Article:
Running WebAssembly in OCaml with Wasmer

Running WebAssembly in OCaml with Wasmer

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October 21, 2022

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OCaml is a strongly-typed language that is very popular for FinTech, research and academic education. It is also an object-oriented language, as well as a functional language. It is like Python in that it has a REPL, so quick tests are very easy to do, but it can also be compiled to native executables as well.

For those main reasons, I wanted to create Wasmer bindings in OCaml, to be able to load any function from any language compiled to WebAssembly, and use them in OCaml.

(Existing prior art is but unfortunately, it was only a work in progress and hasn’t been updated for 2 years.)

So, how you can use WebAssembly in OCaml? First, let’s install Wasmer with OPAM.

$ opam install wasmer

Now, you should be able to run the following program.

open Ctypes;;
open Wasmer;;
open Wasmer.Util;;

let () =
  print_endline "Generating the wasm module...";
  let wasm = wasm_of_wat
      (type $add_one_t (func (param i32) (result i32)))
      (func $add_one_f (type $add_one_t) (param $value i32) (result i32)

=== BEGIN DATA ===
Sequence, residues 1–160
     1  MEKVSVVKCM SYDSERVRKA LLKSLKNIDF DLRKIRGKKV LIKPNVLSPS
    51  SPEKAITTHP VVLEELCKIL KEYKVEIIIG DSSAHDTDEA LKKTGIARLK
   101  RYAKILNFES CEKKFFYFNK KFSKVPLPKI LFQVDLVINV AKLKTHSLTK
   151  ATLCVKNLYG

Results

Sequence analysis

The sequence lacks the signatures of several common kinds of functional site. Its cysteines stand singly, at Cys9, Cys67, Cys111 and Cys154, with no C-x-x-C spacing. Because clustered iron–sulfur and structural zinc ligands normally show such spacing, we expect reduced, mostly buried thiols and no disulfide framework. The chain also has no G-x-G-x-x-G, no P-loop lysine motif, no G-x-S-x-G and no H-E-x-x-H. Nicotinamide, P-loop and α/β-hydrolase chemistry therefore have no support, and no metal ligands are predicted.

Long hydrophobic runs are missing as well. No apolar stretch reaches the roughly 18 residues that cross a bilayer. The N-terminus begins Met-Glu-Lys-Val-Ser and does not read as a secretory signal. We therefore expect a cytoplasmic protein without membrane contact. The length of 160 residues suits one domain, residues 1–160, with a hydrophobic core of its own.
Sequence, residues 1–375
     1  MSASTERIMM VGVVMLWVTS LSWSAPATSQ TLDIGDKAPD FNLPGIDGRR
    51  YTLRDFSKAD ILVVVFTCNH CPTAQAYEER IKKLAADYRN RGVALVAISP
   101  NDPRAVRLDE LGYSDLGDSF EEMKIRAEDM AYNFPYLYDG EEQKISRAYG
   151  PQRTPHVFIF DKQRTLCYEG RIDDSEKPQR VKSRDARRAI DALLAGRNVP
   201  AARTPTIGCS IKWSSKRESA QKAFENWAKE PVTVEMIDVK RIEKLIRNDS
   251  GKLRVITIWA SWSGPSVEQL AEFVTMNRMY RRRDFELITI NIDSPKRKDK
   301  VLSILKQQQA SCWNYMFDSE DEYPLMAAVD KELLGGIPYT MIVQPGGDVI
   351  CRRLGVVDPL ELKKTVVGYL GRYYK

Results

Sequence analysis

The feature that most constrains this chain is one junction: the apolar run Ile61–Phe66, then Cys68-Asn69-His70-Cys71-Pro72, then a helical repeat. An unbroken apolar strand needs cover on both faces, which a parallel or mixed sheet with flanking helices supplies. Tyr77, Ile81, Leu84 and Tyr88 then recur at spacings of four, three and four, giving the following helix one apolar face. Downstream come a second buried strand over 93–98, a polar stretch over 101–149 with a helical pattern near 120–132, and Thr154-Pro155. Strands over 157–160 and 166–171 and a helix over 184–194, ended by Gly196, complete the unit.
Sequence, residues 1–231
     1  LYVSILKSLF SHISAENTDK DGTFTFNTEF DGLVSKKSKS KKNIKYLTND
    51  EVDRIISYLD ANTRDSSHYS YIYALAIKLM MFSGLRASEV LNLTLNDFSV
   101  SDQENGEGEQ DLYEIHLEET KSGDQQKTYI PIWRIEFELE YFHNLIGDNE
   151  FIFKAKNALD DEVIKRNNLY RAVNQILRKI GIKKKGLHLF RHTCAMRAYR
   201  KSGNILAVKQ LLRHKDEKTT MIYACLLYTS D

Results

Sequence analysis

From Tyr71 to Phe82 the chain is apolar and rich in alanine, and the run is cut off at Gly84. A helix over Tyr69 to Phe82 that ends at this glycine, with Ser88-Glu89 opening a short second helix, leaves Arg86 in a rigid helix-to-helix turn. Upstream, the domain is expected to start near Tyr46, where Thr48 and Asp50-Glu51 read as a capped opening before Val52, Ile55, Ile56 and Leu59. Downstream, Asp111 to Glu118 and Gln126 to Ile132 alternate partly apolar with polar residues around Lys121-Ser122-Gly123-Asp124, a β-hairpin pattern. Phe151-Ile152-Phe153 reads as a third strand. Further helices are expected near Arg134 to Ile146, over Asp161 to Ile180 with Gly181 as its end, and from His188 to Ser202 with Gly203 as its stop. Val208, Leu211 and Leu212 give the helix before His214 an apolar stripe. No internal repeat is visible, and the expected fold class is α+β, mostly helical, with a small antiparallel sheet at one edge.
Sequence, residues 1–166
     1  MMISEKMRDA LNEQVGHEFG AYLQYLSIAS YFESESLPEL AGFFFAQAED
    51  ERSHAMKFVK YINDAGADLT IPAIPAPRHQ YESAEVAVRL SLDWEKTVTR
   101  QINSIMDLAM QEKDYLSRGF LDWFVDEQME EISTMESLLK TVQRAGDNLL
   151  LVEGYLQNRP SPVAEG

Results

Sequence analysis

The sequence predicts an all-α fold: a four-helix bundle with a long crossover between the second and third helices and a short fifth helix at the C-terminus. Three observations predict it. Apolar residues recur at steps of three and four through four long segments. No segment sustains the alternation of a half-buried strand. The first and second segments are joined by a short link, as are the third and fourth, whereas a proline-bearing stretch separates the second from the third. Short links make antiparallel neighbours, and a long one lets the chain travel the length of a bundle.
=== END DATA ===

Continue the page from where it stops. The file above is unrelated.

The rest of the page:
local.get $value
        i32.const 1
      (export "add_one" (func $add_one_f)))|} in
  print_endline "Creating the store...";
  let engine = Engine.new_ () in
  let store = Store.new_ engine in
  print_endline "Compiling the module...";
  let module_ = Module.new_ store wasm in
  print_endline "Creating imports...";
  let imports = Extern.Vec.make_empty_null () in
  print_endline "Instanciating the module...";
  match Instance.new_ store module_ imports with
  | Error _ -> print_endline "> Error instanciating the module!"; failwith "Invalid module!"
  | Ok instance ->
  print_endline "Retrieving exports...";
  let exports = Extern.Vec.make_new () in
  Instance.exports instance exports;
  let add_one_f = Extern.to_func (Extern.Vec.get_element exports 0) in
  if Func.is_null add_one_f then
    (print_endline "> Error instanciating the module!"; failwith "Invalid module!");
  print_endline "Calling the `add_one` function...";
  let arg = Val.of_i32 1l in
  let args = Val.Vec.of_list [arg] in
  let results = Val.Vec.make_uninit 1 in
  match add_one_f args results with
  | Some _ -> print_endline "> Error calling the function!"; failwith "Invalid function!"
  | None ->
  print_endline ("Result of `add_one`: " ^
    (Int32.to_string (Val.get_i32 (Val.Vec.get_element_unsafe results 0))));;


The API underwent some changes.